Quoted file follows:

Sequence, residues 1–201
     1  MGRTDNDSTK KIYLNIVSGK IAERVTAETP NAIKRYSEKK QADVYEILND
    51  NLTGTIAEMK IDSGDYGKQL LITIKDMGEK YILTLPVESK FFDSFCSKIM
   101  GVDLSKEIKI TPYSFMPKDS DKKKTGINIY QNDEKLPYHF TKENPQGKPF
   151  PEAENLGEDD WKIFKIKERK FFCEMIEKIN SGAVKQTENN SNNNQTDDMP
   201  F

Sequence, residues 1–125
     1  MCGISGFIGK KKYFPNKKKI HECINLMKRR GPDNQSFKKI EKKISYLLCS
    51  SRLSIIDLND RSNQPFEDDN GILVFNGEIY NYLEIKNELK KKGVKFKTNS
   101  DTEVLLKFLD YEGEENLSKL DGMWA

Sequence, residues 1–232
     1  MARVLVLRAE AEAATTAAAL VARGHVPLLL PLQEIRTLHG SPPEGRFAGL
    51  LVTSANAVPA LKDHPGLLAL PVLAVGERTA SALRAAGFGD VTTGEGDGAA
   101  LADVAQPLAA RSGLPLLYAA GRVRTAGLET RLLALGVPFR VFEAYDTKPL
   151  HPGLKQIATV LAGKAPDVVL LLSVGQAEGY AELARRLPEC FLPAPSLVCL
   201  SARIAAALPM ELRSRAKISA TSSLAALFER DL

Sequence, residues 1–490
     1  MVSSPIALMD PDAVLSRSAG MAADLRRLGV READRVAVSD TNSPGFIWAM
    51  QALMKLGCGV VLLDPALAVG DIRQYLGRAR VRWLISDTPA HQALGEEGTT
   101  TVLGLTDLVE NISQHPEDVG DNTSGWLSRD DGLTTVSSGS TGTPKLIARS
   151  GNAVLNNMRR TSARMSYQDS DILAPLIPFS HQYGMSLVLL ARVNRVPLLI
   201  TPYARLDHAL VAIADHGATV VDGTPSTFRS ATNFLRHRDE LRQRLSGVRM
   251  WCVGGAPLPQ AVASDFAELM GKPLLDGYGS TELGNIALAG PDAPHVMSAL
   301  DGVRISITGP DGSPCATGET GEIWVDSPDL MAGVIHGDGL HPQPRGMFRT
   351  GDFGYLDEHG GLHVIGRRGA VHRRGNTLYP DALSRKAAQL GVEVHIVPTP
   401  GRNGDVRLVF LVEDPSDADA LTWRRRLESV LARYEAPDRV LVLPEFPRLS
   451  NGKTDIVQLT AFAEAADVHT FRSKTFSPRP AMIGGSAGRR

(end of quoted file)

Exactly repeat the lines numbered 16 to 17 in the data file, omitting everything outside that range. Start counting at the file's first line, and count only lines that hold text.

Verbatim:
   201  SARIAAALPM ELRSRAKISA TSSLAALFER DL

Sequence, residues 1–490